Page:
Incohearent Review


How many times have you sat down for a chat with a family member or friend and had to ask them 10 times to repeat what they just said because it just sounds like they are talking complete gibberish? Or they have said something that sounds like something else and gives the whole conversation a completely different slant. Well maybe they have been practicing for the adult party game Incohearent (yes, this is the correct spelling of the game) from What Do You Meme?

Incohearent is a party game for adults. It is a card game for 2-20 players, age 17+ with a playing time of anywhere from 20 minutes to 40 minutes. It is a game of guess the gibberish! It is a game for adults and comes with a Parental Advisory Explicit Content warning as some of the terms you wouldn’t want to be explaining to child, such as Netflix and Chill, and could be an even bigger shock if they had to explain it to you! And that’s before you even get to the red “Kinky” cards.

In the box:

  • 400 Cards
  • 1 Timer (one minute)
  • Instructions

Incohearent is a rather unique card game and you really do have to use your ears to try and decipher the gibberish being spoken. Could you decipher “ken eye hell pugh”?

This is a game of trying to decipher the gibberish to find the hidden phrase. It comes with 400 Incohearent word cards, broken up into three different categories: Party (Blue cards), Pop Culture (Yellow Cards) and Kinky (Red Cards). Each card has a combination of “words” on the front that, when recited out loud, sounds like the phrase written on the back. For example, try reciting the words we used earlier “ken eye help pugh” out loud. Did you hear the hidden phrase? If you listen closely… you have been saying “Can I help you”.

To win the game you must be the first player to decode 13 cards or if playing as teams, be the team that has decoded the most cards after 3 rounds.

There are two ways to play the game: Free-for-all, which is for smaller groups (individuals), and Squad Up (teams), which is for bigger groups.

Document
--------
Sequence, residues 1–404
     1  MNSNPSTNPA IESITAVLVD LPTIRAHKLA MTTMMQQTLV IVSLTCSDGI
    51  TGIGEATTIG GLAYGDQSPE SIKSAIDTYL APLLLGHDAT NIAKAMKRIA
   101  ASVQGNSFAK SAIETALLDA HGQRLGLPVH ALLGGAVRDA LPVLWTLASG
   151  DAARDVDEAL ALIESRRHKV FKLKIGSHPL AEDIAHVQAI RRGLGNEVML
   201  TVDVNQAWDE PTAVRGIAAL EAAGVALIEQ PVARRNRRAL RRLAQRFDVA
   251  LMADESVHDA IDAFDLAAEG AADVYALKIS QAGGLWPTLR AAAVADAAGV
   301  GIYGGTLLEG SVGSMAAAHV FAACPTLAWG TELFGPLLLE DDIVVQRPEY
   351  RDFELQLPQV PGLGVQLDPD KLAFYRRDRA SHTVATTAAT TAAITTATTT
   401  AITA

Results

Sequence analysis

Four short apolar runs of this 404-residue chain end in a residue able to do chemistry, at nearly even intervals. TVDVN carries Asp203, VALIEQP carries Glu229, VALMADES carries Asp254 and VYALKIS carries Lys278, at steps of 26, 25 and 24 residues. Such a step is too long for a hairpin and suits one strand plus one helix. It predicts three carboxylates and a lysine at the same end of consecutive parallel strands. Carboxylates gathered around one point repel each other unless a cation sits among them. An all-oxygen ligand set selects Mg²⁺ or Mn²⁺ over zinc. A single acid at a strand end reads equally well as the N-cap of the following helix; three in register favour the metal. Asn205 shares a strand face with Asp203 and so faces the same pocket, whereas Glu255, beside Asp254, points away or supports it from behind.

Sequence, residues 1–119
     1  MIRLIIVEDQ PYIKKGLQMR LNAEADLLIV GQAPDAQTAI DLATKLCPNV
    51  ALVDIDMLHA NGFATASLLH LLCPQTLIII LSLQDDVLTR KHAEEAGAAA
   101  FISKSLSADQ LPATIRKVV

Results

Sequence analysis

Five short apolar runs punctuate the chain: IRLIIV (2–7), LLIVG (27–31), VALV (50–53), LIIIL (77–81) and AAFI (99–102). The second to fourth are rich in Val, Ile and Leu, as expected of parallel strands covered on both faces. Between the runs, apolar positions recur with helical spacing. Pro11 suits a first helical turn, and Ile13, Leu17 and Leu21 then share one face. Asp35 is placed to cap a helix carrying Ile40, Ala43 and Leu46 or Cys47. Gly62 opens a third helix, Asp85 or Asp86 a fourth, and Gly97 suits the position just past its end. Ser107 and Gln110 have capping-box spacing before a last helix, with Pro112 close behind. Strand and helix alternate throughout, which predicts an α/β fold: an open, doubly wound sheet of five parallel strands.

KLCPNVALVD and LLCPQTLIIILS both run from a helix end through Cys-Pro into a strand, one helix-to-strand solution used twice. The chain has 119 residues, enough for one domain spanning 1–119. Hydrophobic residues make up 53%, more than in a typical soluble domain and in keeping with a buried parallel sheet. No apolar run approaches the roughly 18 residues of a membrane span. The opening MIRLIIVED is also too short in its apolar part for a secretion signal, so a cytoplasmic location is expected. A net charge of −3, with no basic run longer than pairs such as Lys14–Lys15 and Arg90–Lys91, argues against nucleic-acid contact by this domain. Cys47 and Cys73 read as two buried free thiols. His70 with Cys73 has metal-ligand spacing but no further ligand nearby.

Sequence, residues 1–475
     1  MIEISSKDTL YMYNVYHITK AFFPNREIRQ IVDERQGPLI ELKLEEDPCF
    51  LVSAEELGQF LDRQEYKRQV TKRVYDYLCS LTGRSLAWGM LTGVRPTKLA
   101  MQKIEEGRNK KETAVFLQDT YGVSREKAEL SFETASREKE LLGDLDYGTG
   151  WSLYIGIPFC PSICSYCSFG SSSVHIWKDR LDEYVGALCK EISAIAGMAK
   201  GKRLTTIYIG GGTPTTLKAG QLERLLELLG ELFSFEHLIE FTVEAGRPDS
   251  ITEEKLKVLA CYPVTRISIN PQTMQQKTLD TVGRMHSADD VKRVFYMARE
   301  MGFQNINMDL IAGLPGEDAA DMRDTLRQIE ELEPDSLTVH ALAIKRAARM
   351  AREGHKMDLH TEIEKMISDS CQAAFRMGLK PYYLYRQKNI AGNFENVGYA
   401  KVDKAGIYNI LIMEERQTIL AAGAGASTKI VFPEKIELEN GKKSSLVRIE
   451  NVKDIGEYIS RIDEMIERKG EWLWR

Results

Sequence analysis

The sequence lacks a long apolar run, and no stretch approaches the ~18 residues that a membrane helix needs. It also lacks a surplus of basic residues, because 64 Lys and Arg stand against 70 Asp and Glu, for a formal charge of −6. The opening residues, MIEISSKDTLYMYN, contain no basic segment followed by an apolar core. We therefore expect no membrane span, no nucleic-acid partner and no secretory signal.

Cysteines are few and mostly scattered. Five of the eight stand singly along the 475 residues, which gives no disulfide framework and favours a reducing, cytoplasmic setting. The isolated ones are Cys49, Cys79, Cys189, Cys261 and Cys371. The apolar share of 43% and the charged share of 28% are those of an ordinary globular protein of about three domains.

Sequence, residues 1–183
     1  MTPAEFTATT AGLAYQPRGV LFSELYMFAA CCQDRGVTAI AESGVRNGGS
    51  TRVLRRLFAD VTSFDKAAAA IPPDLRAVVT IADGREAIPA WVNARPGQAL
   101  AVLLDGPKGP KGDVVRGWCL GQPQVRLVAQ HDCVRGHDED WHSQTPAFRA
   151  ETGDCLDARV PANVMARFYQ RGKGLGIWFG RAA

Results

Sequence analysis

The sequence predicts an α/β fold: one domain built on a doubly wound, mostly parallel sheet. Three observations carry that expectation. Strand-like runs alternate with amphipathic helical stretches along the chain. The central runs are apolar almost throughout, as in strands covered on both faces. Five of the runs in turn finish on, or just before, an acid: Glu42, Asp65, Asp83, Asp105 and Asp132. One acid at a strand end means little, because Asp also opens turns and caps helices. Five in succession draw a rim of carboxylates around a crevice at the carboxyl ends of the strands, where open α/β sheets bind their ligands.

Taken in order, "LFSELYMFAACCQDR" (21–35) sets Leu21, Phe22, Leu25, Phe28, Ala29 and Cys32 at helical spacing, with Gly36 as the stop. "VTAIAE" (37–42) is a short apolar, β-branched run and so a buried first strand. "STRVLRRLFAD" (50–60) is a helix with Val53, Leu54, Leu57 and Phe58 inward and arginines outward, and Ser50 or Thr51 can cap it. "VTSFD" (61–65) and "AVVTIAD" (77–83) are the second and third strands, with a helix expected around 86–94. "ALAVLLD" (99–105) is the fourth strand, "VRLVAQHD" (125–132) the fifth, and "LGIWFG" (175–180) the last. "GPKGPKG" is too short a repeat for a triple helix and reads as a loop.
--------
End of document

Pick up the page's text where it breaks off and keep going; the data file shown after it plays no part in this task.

To play Free-for-all you need a minimum of 2 players. The game is played in rounds with each round lasting 60 seconds or until 3 cards have been decoded, whichever comes first. The game is played with a rotating judge (each player taking a turn at being the judge).

1 person is the JUDGE in each round. The judge starts by flipping over the timer and holding up the front of the card so that all players can see it – the rules don’t say what colour card to use so I guess that the judge can pick any category (that’s how we played in anyway).

All the other players are the TRANSLATORS. The translators read the front of the card out loud and whoever deciphers it and comes up with the correct phrase is the winner of that card.

If players are having trouble, the judge can reveal 1 hint (can be found on the back of the card).

When the card has been successfully decoded or the translators have opted to pass, the judge selects a new card.

The round ends when the 60 second timer expires or 3 cards have been decoded. With that round over, the next player becomes the judge.

Play continues until 1 player wins 13 cards and is declared the winner.

To play Squad Up you need two teams (you can have as many people in a team as you want). It is played the same way as Free-for-all except that you don’t play to 13, you play 3 rounds and whichever team wins the most decoded cards is the winner.

Overall, Incohearent is a party game of utter gibberish, quite literally. It is lots of fun. Trying to decipher the text on the card into something tangible is hilarious. Sometimes speaking slower instead of faster works, sometimes not and there are all always the hints if required.

It is quite a quick game to play and is definitely one for the adults, even if you remove the “kinky” red cards. We didn’t come across the swear word, and would you want to explain to the kids what “tea bagging” is?

Some of the phrases are better suited for the younger generation and vice versa, but there is a good mix to keep everybody happy and decoding. Some cards are easier to decode than others and some don’t seem to make sense, but that could be down to an accent thing or pronunciation.

A fun game to play with everybody talking complete nonsense and trying to understand it. A party game that will get everybody talking, although understanding what they are saying is a different matter.

Who would have thought that talking gobbledegook could be so much fun. A great game for game nights without the kids. And if you do really want to play with the kids, there is a family edition available.

Rating: 5/5

RRP: £21.99

Available to buy from Amazon here.

DISCLOSURE: I received this item for free for the purposes of writing an honest and impartial review. All thoughts and opinions are my own. This review uses an affiliate link which I may receive a small commission from if you purchase through the link.
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